MacroBusiness Chartfest September 1-2, 2018

 

Australia

 

 

 

Australia – Economic Policy Uncertainty

 
Sydney & Melbourne – Auction Clearances

 
Australian GDP

 
Coal Production & Consumption 

 
Electricity Generation

 
Major LNG Plants

 
Implications of Tightening Lending Standards

 
Disposable Income by Decile

 
Loan Rejections

 
Public Satisfaction with the National Direction

 
Tobacco Price Inflation

 
Australian Thermal Coal Price

 
Australian & United States Consumer sentiment

 
Australian Wage Growth by Industry

 
Net Wealth by Decile

 
Petroleum Production & Consumption

 

 

United States & Americas

 

 
Foreign Ownership of US Debt

 
Mobile/Manufactured Homes as Percent of Total Housing

 
Automotive Manufacturing Hourly Earnings – North America

 
Highest Paying Jobs in the US

 
American Beers and the 5 Ultimate Producers

 
US Capex

 
US Cars – where they are made

 
United States – Coal Power Plant Retirements

 
US Brokerage Commissions

 
US Consumer Confidence

 
US Consumer Confidence & Labour Market Perception

 
US Debt by Age Group

 
US Primary Energy Source & Consumption

 
US Annualised Real GDP

 
Consumption of Post Tax Income

 
Major US Exports to China

 
Post Tax Income growth

 
Post Tax Income growth 2

 
Labour Market Participation & Opioid Use

 
US – Median Household Income

 
Pre Tax profits of US Multinationals

 
United States – Poverty & Incarceration

 
US Real Estate

 
Impact of Revoking NAFTA

 
US Real Estate – Chinese Buyers

 
US Staple Food Items – Prices 

 
US Steel Imports

 
US Student Debt

 
US Yield Curve & Recessions

 
US Unemployment

 
US Wages
 
Venezuela Money Supply

 

 

 

Europe

 

 
Unemployment – Central Europe

 

 

Wages – Central Europe

 
Business Investment & Credit

 
Eurozone – Negotiated Wages

 
Eurozone – Negotiated Wages 2

 
Residential Investment – Selected Euro Nations

 
Euro Sovereign Ratings & 10Yrs

 
French Grape Harvest 2018

 
Germany Automobile Production & Manufacturing Sentiment

 
Germany – Budget Balance

 
Germany – Current Account

 
Germany – Renewable Energy

 
Germany – Fiscal Balance

 
Greece – Debt

 
Greece – Depression

 
Eurozone – Inequality

 
Ireland – Immigration

 
Italy – Capital Flows

 
Italy – Public Debt & Interest

 
Russia – Gold Reserves

 

 
Russian Economy in Relation to Europe

 
Turkey – Inflation

 
Turkey & Russia – Consumer Prices

 
United Kingdom – Time Between Recessions

 

 

China & Asia

 

 
China – Bank Lending

 
China – Coal Consumption

 
China – Global Conflict Resolution Efforts

 
China – Economic Growth

 
China – GDP & Energy Consumption

 
China – Internet Users

 
China – Labour Force

 
China – Per Capita Consumption

 
Hong Kong – House Prices & Completions

 
Japan – CPI

 
South China Sea – Crude Oil Flows

 
South Korea – Goods & Services Exports

 

 

Commodities

 

 
Steel & Copper – Shanghai Prices

 
Dalian Iron Ore v Copper

 
Coal Exporters

 
Commodities Per Se – Time to Buy?

 

 

Global Aluminium – China v Rest of World

 
Aluminium – 2018 Production by Region

 

Japan – LNG Imports


 

 

China – LNG Imports

 

 

Australia – Natural Gas Consumption & Production

 
Steelmaking Capacity

 

 

Capital Markets

 

 
China – NPLs

 
Large US Based Multinationals – 2018 Debt Issuance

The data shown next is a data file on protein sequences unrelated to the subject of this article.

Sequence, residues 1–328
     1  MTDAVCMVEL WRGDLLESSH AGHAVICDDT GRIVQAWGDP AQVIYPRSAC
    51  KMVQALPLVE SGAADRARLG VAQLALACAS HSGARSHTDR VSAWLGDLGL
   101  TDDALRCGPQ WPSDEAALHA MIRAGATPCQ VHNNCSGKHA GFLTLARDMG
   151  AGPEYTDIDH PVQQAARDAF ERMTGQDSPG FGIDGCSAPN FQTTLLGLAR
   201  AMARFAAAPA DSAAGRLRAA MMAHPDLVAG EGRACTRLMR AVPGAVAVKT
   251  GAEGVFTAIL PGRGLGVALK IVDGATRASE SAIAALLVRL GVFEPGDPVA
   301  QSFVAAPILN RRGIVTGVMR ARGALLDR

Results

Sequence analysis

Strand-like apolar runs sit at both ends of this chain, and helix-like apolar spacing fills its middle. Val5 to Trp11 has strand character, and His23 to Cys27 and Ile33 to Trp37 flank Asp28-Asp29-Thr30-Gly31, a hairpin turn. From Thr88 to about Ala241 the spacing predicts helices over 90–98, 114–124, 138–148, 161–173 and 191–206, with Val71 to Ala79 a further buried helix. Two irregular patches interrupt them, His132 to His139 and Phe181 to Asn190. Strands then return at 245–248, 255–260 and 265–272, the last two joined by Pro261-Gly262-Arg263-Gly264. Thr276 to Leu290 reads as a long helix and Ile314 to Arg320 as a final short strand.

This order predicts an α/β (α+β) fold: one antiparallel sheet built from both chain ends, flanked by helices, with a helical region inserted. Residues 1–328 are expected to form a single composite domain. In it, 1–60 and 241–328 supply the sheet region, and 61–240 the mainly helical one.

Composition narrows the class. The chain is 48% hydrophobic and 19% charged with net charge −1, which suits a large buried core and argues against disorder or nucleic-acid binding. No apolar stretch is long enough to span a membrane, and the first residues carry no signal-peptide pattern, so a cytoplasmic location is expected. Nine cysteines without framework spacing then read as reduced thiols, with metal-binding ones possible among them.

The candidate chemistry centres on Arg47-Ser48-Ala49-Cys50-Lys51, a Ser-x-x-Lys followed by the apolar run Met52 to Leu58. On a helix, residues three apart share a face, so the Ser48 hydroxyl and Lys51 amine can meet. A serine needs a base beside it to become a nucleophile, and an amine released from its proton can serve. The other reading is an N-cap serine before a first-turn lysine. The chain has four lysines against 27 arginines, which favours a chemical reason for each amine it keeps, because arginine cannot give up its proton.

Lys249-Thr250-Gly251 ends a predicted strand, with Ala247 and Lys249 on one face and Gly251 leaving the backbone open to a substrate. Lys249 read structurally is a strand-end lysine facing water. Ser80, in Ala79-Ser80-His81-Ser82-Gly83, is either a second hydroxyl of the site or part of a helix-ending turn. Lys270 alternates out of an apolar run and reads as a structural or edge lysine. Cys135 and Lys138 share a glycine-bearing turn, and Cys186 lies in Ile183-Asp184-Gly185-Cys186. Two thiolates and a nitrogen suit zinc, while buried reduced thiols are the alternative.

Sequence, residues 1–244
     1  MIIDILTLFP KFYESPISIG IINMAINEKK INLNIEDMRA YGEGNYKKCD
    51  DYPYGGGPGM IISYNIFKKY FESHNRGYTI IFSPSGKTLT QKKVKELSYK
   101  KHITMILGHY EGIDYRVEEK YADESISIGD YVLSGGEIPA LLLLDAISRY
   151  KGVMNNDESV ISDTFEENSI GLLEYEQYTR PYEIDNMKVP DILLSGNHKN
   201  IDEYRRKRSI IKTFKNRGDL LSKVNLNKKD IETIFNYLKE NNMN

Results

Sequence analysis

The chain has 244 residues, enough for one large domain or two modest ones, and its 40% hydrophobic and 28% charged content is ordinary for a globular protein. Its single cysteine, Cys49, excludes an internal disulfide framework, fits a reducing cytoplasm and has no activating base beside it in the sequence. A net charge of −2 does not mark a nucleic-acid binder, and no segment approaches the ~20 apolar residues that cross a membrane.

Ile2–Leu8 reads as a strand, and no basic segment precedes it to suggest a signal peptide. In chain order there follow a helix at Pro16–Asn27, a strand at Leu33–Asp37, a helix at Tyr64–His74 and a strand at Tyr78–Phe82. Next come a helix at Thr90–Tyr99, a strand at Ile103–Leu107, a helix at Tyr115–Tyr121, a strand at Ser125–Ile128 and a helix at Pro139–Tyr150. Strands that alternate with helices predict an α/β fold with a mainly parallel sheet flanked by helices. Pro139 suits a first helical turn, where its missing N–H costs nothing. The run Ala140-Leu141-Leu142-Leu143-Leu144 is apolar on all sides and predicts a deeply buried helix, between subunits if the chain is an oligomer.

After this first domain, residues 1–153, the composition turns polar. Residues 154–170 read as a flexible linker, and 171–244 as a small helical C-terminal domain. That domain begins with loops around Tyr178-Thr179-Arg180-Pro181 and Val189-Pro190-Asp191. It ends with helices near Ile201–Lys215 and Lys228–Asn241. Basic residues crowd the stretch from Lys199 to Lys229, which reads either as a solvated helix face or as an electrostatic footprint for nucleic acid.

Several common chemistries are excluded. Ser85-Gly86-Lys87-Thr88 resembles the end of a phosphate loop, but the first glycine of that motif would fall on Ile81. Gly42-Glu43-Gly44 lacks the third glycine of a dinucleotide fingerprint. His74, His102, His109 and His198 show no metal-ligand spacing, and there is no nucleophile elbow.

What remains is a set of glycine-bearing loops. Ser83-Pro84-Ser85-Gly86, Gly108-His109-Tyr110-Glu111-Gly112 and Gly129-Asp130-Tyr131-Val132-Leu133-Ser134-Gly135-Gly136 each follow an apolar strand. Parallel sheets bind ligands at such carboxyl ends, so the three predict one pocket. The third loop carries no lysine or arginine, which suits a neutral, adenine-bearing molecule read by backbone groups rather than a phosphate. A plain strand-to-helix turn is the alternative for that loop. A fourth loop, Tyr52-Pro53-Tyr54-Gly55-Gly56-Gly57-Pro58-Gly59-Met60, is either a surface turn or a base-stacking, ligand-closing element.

EM Debt to GDP Increases

 
EM Financing Needs

 
EM High Yield Corporate Debt Maturity Schedule

 
Selected EM – Reserves to Short Term Debt

 
Selected Euro 2Yrs

 
Globally Systemically Important Banks

 

 

Selected EM Debt Implosions – Last decade

 

 

US Non Financial Corporate Debt to GDP

 

 

Australian Dollar & Turkish Lira – the last 10 years

 

 

Selected EM Private Foreign Debt

 
South Africa – Fund Flows

 

 

Household & Corporate Debt to GDP – The Greatest Bubbles

 

 

Japan & US Yields

 

 

UST Spreads

 

 

 

Global Macro

 

 

 

OECD – Ageing

 

 

Housing Bubbles – China v Selected Historical International Bubbles

 

 

Cost of Fun – Global Comparison

 

 

Prime Age Employment Ratios – Major Economies

 

 

Emerging Markets & Metals

 

 

Emerging Markets & Global GDP

 

 

Event Risk radar – Next 6 Months

 
House Price Exuberance – Global Comparison (……..and I don’t think they have Australia right)  

 
G12 Population Growth

 
Global Trade

 

 

Global Property & GDP

 
Household Debt to GDP – Selected International
 

 

Central Bank Liquidity

 

 

United States, United Kingdom, Australia – Income Growth

 

 

Global Tariffs

 

 

…and furthermore…

 

 

 

Average Air Quality – Selected Cities

 

 

Average paper Length in Major Economics Journals

 

 

Five Year Cancer Survival Rates – United States

 

 

Letter Distribution in Words – English

 

 

Thoughts About Cookies

 
Miss America Beauty Pageant Viewers

 
The Risks of Alcohol

 
Social Science Types

 
Americans and Easier to Raise

 

 

Why Hackers Hack

 

 

The Peleton and its Effect

Comments

  1. Thank you Gunnamatta, I always enjoy the chartfest with my weekend morning coffee. Is anyone else concerned that Russia is hovering up gold? I also remember reading that Russia are selling their US Treasuries, and that China are building up their gold reserves too.

    • The hubris & stupidity of the Western Economists will ensure that the buying of Gold and selling of Treasuries by the rest of the world will have little to no effect – until it smashes us.

    • https://consortiumnews.com/2018/08/29/back-in-the-great-game-the-revenge-of-eurasian-land-powers/

      Ant – I reckon this is relevant to your question

      Just a bit from it